Previously, developing SMC was largely based on combining specific microbial genotypes with desirable traits (Whipps, 2001; Dodd and Ruiz-Lozano, 2012; Thijs et al., 2014). Currently, the typical SMC often include PGPB and AMF, targeting to enhance the metabolites contents (e.g., essential oil, zein, glucosinolate, sugar, ascorbic and folic acid, volatile compounds, vitamin, and anthocyanin) and nutrients (N, Ca, P, Mg, K, Na, Fe, Mn, Cu, Zn, and B), which represent higher nutraceutical values in crops (Hart and Forsythe, 2012; Berta et al., 2014; Cosme et al., 2014; Bona et al., 2015, 2017; Hart et al., 2015; Weisany et al., 2015; Battini et al., 2016; Torres et al., 2016; Avio et al., 2017). However, previous studies dealing with SMC have reported a range of plant responses and contradictory results (Lucas García et al., 2004; Estévez et al., 2009; Rosier et al., 2016), suggesting that different microbes may not have additive effects. Importantly, the compatibility within microbes and with new environment is an essential consideration for constructing SMC. Given the variability among microbes and soil heterogeneity, this is no small task. Clearly, the way forward must capitalize on existing co-adapted SMC.
Firstly, the origin of microbes is critical to construct SMC. Indigenous microbes were reported to be more efficient in augmenting plant stress tolerance (Estrada et al., 2013; Armada et al., 2014; Ortiz et al., 2015). The environmental adaptation of autochthonous microbes might underlie their ability to improve plant fitness. Thus it is expected that the soil microbiome from high-quality crops is an ideal origin for SMC to confer the same plants better growth and quality. Further, the rhizosphere is a hotspot for selecting members for SMC, due to their intensive interactions with plants. Moreover, the endophytes beneficial to plants can also be used to devise SMC (Huang et al., 2018), since they are more likely to persist in environments (Kong and Glick, 2017).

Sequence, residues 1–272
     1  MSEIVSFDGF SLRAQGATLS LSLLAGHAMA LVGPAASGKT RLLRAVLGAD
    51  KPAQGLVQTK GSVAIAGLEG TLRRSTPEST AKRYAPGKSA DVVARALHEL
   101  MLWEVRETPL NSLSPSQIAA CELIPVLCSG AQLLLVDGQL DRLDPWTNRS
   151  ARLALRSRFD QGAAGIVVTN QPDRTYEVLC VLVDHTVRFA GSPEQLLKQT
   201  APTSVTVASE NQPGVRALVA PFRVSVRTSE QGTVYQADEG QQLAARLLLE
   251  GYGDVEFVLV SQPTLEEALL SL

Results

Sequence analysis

Secondly, how can we obtain the core microorganisms? Now, next generation sequencing (NGS) allows us to perceive the whole microbial community of crops using meta-genomics, which was previously impossible (Figure 1). However, it is unnecessary to inoculate the whole soil microbiome to target fields. The functional redundancy in microbial communities indicates that only the core microbes are needed to fulfill their ecological services to plants (Qin et al., 2016). Microbial network analysis is a powerful tool for identifying the “hubs” (also termed keystone operational taxonomic units), which are highly associated in a microbiome (Banerjee et al., 2018). When basic information about the topology of a microbial network is obtained using the package “igraph” (Csardi and Nepusz, 2006) in R software, the properties of the network structure can be evaluated. Microbial networks can be compartmentalized into several “network modules,” within which microbial species are highly connected with each other. Based on network topological properties, the “hub” species, which coexist with most other species in each module, can be further identified (Toju et al., 2018). These hub species of modules are the candidates of core microorganisms. The information on hub species provides us the very first step in core microorganisms screening.
Figure 1. The diagram of technical flow of artificial construction of synthetic microbial consortia (SMC) targeting to augment crop quality. The crops with good quality can be a good origin of SMC. The core microbes can be isolated from the rhizospheric soils or the plant roots of crops with good quality, and their composition can be predicted by next generation sequencing and network analysis. The network analysis will provide the core microbial taxa and hubs which are needed to fulfill ecological services to plants. The web-based platform KOMODO (Known Media Database) can be used to predict the proper medium for the core microbes. The synergism among the microbial members in SMC will be analyzed based on the crop quality (metabolites and nutrients). Plant growth promotion activities and population dynamic changes of the core microbiome are tested to provide reference for constructing the SMC. After the assessment of efficacy and ecological impacts of SMC, they can be utilized in field.